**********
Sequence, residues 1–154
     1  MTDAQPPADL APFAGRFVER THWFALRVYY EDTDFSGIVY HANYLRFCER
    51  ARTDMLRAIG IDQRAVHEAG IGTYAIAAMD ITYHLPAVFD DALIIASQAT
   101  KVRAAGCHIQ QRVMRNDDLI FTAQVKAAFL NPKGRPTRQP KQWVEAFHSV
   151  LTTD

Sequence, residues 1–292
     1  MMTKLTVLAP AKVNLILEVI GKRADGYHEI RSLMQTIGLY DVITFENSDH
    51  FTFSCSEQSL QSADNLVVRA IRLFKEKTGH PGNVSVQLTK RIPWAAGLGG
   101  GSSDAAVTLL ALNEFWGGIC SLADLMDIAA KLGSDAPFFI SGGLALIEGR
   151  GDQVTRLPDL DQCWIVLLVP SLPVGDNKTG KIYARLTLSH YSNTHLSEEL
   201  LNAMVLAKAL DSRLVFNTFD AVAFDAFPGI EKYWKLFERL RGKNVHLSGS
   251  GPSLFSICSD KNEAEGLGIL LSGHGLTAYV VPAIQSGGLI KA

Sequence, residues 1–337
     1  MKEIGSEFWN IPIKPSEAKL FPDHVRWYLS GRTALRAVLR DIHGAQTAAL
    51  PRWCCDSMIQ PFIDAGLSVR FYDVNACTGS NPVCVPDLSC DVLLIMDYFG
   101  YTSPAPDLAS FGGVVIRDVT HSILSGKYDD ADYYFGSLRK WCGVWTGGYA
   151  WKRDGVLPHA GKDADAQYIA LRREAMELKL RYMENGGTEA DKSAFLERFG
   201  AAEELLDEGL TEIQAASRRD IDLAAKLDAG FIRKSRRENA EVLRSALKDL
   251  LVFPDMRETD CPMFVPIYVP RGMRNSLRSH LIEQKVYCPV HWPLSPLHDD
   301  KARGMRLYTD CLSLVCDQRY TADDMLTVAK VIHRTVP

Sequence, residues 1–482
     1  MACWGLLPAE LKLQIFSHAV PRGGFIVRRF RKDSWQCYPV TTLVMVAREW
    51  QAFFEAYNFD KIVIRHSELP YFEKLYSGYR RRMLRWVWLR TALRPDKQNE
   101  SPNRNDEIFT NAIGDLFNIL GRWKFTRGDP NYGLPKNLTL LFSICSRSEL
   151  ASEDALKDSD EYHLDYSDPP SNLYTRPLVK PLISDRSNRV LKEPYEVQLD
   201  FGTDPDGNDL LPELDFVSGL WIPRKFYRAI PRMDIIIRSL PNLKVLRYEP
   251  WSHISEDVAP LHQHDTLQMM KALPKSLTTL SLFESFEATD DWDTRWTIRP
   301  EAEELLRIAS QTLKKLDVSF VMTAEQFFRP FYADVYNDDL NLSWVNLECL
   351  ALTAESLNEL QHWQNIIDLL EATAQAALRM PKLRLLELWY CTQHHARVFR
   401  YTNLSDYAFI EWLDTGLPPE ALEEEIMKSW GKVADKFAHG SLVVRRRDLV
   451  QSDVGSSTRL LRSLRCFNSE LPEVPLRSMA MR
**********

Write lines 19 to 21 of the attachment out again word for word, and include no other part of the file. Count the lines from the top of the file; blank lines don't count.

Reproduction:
   251  LVFPDMRETD CPMFVPIYVP RGMRNSLRSH LIEQKVYCPV HWPLSPLHDD
   301  KARGMRLYTD CLSLVCDQRY TADDMLTVAK VIHRTVP

Sequence, residues 1–482